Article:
Thursday, August 02, 2012


Obviously, all decent and right-thinking people hate government, right? So now we're trying this:
Goldman to Invest in City Jail Program, Profiting if Recidivism Falls Sharply

New York City, embracing an experimental mechanism for financing social services that has excited and worried government reformers around the world, will allow Goldman Sachs to invest nearly $10 million in a jail program, with the pledge that the financial services giant would profit if the program succeeded in significantly reducing recidivism rates.

The city will be the first in the United States to test "social impact bonds," also called pay-for-success bonds, which are an effort to find new ways to finance initiatives that might save governments money over the long term.

... Mayor Michael R. Bloomberg plans to announce on Thursday that Goldman Sachs will provide a $9.6 million loan to pay for a new four-year program intended to reduce the rate at which adolescent men incarcerated at Rikers Island reoffend after their release.

...The Goldman money will be used to pay MDRC, a social services provider, to design and oversee the program. If the program reduces recidivism by 10 percent, Goldman would be repaid the full $9.6 million; if recidivism drops more, Goldman could make as much as $2.1 million in profit; if recidivism does not drop by at least 10 percent, Goldman would lose as much as $2.4 million....
I'll go for the obvious joke: Hey, if you're looking for expertise in staying out of jail, you probably can't beat the people at Goldman. (Though really, what's the plan for keeping these offenders from going back to prison? Millions of dollars in lobbying? I don't think so.)

Governments elsewhere are trying this approach, though so far only Bloomberg is using Goldman. Here's what another government official says:
In Massachusetts, Jay Gonzalez, the secretary of administration and finance, is a proponent of social impact bonds. "We've got to change from the idea of, 'We just pay for stuff and hopefully get the results,'" Mr. Gonzalez said in an interview. "The beauty of this is if they perform to get the results, then we pay. If they don't, we don’t pay."
In New York, though, does anyone think it's even theoretically possible that Goldman won't be paid? Does anyone think it's even theoretically possible that Goldman won't find a way to make the numbers add up so Goldman wins, even if New York's crime rate begins to approach that of Sinaloa?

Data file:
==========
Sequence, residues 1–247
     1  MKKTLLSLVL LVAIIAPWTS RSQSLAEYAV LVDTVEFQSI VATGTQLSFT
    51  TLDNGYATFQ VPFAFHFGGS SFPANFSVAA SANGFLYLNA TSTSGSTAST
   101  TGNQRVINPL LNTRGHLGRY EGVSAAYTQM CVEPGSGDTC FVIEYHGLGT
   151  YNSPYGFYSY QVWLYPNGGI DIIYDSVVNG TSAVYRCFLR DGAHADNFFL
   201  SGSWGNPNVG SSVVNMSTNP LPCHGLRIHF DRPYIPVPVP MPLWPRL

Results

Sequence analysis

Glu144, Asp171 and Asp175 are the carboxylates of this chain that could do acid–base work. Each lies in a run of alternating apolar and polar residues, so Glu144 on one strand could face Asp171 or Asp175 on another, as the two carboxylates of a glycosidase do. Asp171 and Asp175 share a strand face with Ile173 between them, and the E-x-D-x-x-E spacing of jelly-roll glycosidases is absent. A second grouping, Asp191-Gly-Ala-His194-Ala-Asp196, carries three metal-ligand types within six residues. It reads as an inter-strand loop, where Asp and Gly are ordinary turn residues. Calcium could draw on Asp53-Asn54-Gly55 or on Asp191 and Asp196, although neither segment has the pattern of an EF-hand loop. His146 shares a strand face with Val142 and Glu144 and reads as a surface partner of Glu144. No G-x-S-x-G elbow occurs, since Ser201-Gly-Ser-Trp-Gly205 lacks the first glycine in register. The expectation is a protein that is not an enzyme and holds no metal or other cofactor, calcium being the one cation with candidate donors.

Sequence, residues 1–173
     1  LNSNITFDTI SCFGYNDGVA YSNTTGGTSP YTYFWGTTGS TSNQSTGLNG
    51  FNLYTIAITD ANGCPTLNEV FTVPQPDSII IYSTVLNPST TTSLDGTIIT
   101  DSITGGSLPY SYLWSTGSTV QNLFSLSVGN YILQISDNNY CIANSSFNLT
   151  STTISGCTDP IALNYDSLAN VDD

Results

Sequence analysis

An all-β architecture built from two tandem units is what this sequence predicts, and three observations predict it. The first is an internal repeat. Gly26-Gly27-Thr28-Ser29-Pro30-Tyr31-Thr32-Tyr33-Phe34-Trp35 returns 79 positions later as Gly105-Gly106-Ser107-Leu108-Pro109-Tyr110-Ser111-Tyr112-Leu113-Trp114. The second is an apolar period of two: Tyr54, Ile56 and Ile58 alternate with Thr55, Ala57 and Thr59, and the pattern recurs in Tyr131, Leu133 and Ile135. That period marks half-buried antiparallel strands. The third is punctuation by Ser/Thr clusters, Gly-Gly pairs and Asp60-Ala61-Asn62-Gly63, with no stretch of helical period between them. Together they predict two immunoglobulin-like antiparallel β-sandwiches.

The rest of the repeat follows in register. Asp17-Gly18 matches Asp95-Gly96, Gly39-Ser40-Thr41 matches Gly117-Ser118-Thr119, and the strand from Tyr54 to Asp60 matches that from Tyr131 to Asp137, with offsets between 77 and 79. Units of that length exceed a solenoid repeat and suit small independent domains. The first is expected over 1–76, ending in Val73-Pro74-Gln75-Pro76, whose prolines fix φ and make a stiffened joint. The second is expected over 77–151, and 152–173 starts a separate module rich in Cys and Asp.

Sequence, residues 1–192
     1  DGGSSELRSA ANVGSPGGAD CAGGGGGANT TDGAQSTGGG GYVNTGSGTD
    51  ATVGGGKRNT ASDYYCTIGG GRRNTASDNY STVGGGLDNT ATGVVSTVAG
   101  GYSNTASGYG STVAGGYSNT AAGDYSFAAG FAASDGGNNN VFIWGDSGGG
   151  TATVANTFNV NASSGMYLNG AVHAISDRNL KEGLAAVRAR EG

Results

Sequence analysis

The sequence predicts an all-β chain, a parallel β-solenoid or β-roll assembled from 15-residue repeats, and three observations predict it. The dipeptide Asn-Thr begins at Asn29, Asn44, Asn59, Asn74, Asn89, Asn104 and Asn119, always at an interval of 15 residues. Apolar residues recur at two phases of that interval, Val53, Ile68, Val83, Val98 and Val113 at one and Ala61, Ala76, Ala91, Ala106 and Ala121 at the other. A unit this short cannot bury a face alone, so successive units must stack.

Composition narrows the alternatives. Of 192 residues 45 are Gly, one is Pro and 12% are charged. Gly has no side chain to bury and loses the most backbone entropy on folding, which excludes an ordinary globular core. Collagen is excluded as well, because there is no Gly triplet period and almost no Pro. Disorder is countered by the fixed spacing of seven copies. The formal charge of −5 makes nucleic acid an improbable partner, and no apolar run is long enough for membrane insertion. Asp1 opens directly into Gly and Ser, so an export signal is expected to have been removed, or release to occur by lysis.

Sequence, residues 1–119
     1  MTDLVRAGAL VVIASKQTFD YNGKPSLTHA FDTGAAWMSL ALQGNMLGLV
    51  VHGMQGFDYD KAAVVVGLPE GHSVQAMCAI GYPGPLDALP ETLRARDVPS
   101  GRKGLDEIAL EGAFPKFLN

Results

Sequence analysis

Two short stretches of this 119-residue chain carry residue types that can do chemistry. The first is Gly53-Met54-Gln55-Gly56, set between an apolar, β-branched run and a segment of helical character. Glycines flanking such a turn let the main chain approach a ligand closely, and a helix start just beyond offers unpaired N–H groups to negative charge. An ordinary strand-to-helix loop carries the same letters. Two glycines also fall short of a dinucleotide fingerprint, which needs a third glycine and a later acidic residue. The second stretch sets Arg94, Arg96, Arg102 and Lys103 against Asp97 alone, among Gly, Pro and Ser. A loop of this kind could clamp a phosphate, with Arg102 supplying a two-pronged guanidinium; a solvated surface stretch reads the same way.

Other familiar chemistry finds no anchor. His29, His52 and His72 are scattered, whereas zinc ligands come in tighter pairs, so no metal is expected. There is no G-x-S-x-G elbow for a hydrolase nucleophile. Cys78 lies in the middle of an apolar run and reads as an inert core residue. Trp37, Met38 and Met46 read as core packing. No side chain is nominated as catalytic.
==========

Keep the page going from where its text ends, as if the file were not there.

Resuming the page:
Wait, I take that back. I can see a scenario under which Goldman might admit its program failed -- it could happen if Goldman has created another financial instrument that gives the firm a bet against its own recidivism program. Can't you see that happening? Goldman hedges on its own social do-gooder program, so it wins if the criminals stay clean and it wins if they don't? Wouldn't that be just like Goldman?

(X-posted at Balloon Juice.)

1 comment:

Victor said...

Yes, sadly, it would.

And how ever, in the name of Betsy Ross, did this nation survive for 200+ years, without privatizing absolutely every feckin' thing?

Why, it's a wonder that the Doughboys in WWI weren't an infantry division from Pillsbury.

And that Hasbro didn't provide FDR with his military members, for the future naming rights of their G.I. Joe man-dolls!

And somehow, even before the prison industry started to get privatized, we Americans were pretty damn good not only at putting people in prisons, but in keeping them there.
And then we started "The War on Drugs" to make sure that prison's ran at well above maximum capacity all of the time - after all, those shiftless, lazy dark people should be thankful for the "Three hot's and a cot" that the government was willing to provide for them, even if the "hot's" weren't really hot, but lukewarm and sh*tty, and the cot was in the same cell as a murderer in for life.

And that to help with recidivism, so that if/when they served their time and were released, prisons used to provide some levels of education for the people incarcerated in them, so that they might not resort to the very behaviors and actions that got them there in the first place.

I know.
For 3 years, through the college I was a student at, I taught in a Maximum Security Prison for 3 1/2 years, until Reagan came along, and the program was "executed."

And now, we're going to an investment help us with recidivism?

Sh*t, those motherfecker's at GS's would make a whole lot more money if, instead of concentrating on recidivism, they taught criminals how to be successful "investors" like them, for a piece of their future earnings!
Who know better how to steal lots and lots of money without ending up in prison, than "financial services people?"

Every day, there's some new atrocity from the right.

Maybe if I failed at a suicide attempt, but did enough brain damage, I could become a Conservative, think these were all great idea's, and better appreciate feckin'-up this nation and its people.